Christmas showdown as SuperValu and Dunnes go head-to-head in battle for consumers

Dunnes Stores and SuperValu now hold an equal share of Ireland’s multi-billion euro grocery market, as the pair battle it out for supremacy among consumers over Christmas.

New figures from research group Kantar Worldpanel show the retailers each have a 22.5pc share of the market.

Dunnes Stores, headed by Margaret Heffernan and Frank Dunne, snatched the title of the country’s largest grocery retailer last month from SuperValu. It was the first time in over a decade that Dunnes had secured the top spot.

But SuperValu, under managing director Martin Kelleher, which is controlled by the Cork-based Musgrave group, will be vying to reclaim the title.

And with shoppers now in the final week before Christmas, there are intense efforts by all the chains to lure customers who are splashing out for the festive season.

Previous figures from Kantar Worldpanel showed that Dunnes Stores had a 22.6pc share of the grocery market during the 12 weeks to the end of November 6. SuperValu had 22.4pc.

The latest figures, for the 12 weeks ended December 4, show that the two retailers now share the number one position, while Tesco has a 21.8pc share.

Dunnes’ share, in value terms, rose by 4.8pc, while SuperValu’s was 1pc higher. Grocery inflation in the period stood at 0.6pc.

Tesco has been focusing on cutting prices to attract more customers. That hits the value of its sales – the figure that Kantar Worldpanel reports on. But the value of its sales was still 1pc higher in the latest period.

David Berry, director at Kantar Worldpanel, said the latest figures are a “real testament” to how competitive the grocery market is.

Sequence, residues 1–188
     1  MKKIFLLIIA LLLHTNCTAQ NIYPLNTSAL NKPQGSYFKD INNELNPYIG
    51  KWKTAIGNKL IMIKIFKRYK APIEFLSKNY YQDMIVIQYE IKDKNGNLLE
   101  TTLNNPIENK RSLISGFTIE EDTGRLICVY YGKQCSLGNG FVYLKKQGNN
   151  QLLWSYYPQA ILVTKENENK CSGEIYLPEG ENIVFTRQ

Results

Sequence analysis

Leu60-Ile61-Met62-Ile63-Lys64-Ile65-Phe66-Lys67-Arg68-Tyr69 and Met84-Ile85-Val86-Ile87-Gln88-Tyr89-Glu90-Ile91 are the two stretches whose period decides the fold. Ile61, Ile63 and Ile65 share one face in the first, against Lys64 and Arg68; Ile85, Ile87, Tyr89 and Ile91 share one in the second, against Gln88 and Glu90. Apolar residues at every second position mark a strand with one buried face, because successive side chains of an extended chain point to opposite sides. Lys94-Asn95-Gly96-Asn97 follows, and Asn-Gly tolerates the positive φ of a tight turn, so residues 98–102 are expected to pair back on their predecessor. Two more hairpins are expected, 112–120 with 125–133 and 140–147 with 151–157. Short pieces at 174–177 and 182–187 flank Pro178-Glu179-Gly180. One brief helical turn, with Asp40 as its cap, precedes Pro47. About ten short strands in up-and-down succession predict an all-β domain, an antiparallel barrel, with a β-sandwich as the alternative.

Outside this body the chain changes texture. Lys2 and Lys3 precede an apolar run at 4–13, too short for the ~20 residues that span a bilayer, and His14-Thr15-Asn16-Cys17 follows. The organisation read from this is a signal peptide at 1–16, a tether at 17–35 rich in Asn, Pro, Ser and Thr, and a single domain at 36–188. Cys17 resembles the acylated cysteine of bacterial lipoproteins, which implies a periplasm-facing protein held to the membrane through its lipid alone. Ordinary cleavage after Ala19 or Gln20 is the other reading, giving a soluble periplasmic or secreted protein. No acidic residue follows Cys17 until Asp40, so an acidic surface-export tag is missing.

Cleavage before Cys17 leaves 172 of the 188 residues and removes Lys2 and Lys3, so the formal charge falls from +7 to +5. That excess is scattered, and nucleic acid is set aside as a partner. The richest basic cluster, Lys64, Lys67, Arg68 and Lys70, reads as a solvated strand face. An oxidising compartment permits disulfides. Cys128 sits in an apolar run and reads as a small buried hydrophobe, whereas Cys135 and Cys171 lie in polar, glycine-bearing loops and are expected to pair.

“Just 0.7 percentage points now separate the three largest retailers as we enter the all-important festive period,” he said.

He added that evidence of Tesco’s turnaround has been seen in the last quarter. Mr Berry said that the chain’s sales have shown positive growth for the first time since March.

“An additional 10,000 households have chosen to shop with Tesco in 2016 and are returning to the retailer more frequently – a clear positive sign for the grocer,” he said.

Dunnes Stores has built its loyalty through its ‘Shop and Save’ campaign, a discounting ploy that has cost it tens of millions of euro.

But it has been also developing its product lines and acquiring businesses, moves designed to help it improve its overall offer to consumers.

Almost 64pc of households visited Dunnes Stores in the latest reported period, spending an average of €39.50 a visit. That’s a €3 increase per trip compared to the corresponding period last year.

Mr Berry said that Dunnes Stores has also seen more shoppers opt to buy branded goods – the only retailer to experience that in the latest period. Branded sales at the chain rose 5.7pc, while own-label goods sales were up 3.3pc.

Lidl increased its share of the market by 4.3pc to 11.1pc. Aldi’s rose by 6.1pc, also to 11.1pc.

Grocery chains are facing increased pressure this Christmas following the decline in Sterling after the UK’s June Brexit vote.

A report yesterday from credit risk analyst firm showed that 24pc of Irish shoppers intend to travel across the border to avail of weaker Sterling. “Irish consumers are cognisant of the impact of Brexit and a weakened Sterling, and plan to avail of the knock-on benefits this Christmas,” said Christine Cullen, managing director of

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